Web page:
Universal American, the Medicare managed-care company that quickly moved into Medicare accountable care, continues to scale back its participation in ACOs, but has grown more aggressive with remaining accountable care efforts.
Universal American now operates 22 Medicare accountable care organizations in joint ventures with physicians, down from 24 last year and 34 in the program's first years. The publicly traded insurer continued to lose money on the Medicare accountable care contracts in 2015. Universal American cut back its ACOs “to focus our resources only on those ACOs where Medicare shared-savings can work and where we can truly impact the cost and quality,” Richard Barasch, the company's CEO, told analysts.
Universal American reported a loss of $20.1 million on revenue of $20.9 million for its ACO business last year. That's compared with the loss in 2014 of $30.8 million on revenue of $13.4 million.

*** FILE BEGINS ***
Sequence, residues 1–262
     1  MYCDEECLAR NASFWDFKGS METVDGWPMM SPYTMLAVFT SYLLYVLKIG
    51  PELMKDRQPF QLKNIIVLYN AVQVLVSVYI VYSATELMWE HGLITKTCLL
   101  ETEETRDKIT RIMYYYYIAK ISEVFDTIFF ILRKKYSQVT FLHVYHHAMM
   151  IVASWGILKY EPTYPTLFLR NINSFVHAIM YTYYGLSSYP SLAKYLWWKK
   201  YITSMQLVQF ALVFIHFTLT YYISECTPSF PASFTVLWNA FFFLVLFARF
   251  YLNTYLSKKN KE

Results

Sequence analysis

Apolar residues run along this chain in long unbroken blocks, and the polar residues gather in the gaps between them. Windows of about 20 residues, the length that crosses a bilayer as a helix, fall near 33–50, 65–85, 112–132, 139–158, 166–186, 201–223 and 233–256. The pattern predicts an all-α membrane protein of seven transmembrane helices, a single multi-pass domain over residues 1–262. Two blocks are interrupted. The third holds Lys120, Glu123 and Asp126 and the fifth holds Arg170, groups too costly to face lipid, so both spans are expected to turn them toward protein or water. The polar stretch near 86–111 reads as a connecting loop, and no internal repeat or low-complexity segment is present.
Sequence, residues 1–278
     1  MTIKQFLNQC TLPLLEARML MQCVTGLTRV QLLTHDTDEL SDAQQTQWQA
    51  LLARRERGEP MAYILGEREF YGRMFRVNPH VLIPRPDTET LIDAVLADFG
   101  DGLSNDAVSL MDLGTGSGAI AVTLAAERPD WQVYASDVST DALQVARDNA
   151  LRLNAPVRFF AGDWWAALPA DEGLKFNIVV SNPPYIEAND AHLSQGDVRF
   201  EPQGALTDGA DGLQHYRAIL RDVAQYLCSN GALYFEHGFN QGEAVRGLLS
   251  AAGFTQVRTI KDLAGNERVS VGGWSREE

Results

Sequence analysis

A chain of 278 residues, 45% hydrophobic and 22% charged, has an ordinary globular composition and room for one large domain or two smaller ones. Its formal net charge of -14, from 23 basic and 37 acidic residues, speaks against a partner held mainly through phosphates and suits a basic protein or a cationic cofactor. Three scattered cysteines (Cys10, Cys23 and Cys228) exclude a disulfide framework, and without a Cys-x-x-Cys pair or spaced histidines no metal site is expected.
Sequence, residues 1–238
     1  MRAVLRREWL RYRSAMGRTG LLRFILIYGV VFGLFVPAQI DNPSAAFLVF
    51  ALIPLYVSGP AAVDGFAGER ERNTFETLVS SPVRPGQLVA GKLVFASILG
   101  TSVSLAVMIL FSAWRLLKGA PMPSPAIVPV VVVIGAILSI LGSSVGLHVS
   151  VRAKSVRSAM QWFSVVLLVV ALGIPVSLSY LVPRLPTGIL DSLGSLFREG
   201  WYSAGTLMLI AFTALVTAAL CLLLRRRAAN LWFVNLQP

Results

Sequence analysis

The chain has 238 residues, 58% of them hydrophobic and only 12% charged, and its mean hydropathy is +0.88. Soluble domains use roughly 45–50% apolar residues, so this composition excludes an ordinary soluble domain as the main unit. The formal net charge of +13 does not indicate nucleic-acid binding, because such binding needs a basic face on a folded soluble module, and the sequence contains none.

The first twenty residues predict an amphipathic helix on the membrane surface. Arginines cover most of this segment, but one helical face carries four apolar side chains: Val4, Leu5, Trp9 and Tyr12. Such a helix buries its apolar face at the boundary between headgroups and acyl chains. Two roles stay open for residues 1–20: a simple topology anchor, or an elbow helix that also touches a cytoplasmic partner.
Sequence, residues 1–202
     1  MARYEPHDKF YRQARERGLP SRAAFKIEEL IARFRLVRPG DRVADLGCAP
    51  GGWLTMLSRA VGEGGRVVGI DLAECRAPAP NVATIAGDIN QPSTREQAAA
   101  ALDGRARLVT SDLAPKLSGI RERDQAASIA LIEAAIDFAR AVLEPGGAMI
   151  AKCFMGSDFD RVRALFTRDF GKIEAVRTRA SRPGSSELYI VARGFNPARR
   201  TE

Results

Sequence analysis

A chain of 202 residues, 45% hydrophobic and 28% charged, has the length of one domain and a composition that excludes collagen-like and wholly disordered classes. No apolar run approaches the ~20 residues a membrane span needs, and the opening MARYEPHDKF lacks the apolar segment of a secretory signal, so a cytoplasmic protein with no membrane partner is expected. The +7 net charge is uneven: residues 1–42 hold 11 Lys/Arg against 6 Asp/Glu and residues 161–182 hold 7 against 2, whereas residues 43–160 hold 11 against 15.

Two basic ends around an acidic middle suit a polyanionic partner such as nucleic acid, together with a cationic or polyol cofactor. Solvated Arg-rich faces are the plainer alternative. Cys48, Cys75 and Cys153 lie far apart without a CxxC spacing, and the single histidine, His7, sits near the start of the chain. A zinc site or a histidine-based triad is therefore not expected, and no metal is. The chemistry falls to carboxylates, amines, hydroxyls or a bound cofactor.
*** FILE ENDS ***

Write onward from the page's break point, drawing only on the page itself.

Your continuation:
The segment accounts for a sliver of the company's overall revenue, but the company is one of the largest operators of Medicare ACOs and policymakers are closely monitoring ACOs' results.
Last year, Universal American reported a net loss of $164 million on revenue of $1.49 billion. That's compared with a net loss in 2014 of $29.5 million on revenue of $1.6 billion.
The company's exit from more ACOs, however, did not prevent the company from entering into more aggressive accountable care options, including the Next Generation ACOs. Medicare offers ACOs less-risky options and more sophisticated ones with higher financial payouts but greater financial risks. Next Generation ACOs, which launched in January, are riskier but relax some rules.
Universal American has 15 ACOs in the less-risky option and seven in more sophisticated options, including one Next Generation ACO.
“We believe this is the aspirational model for the rest of the Medicare ACO program,” Barasch said.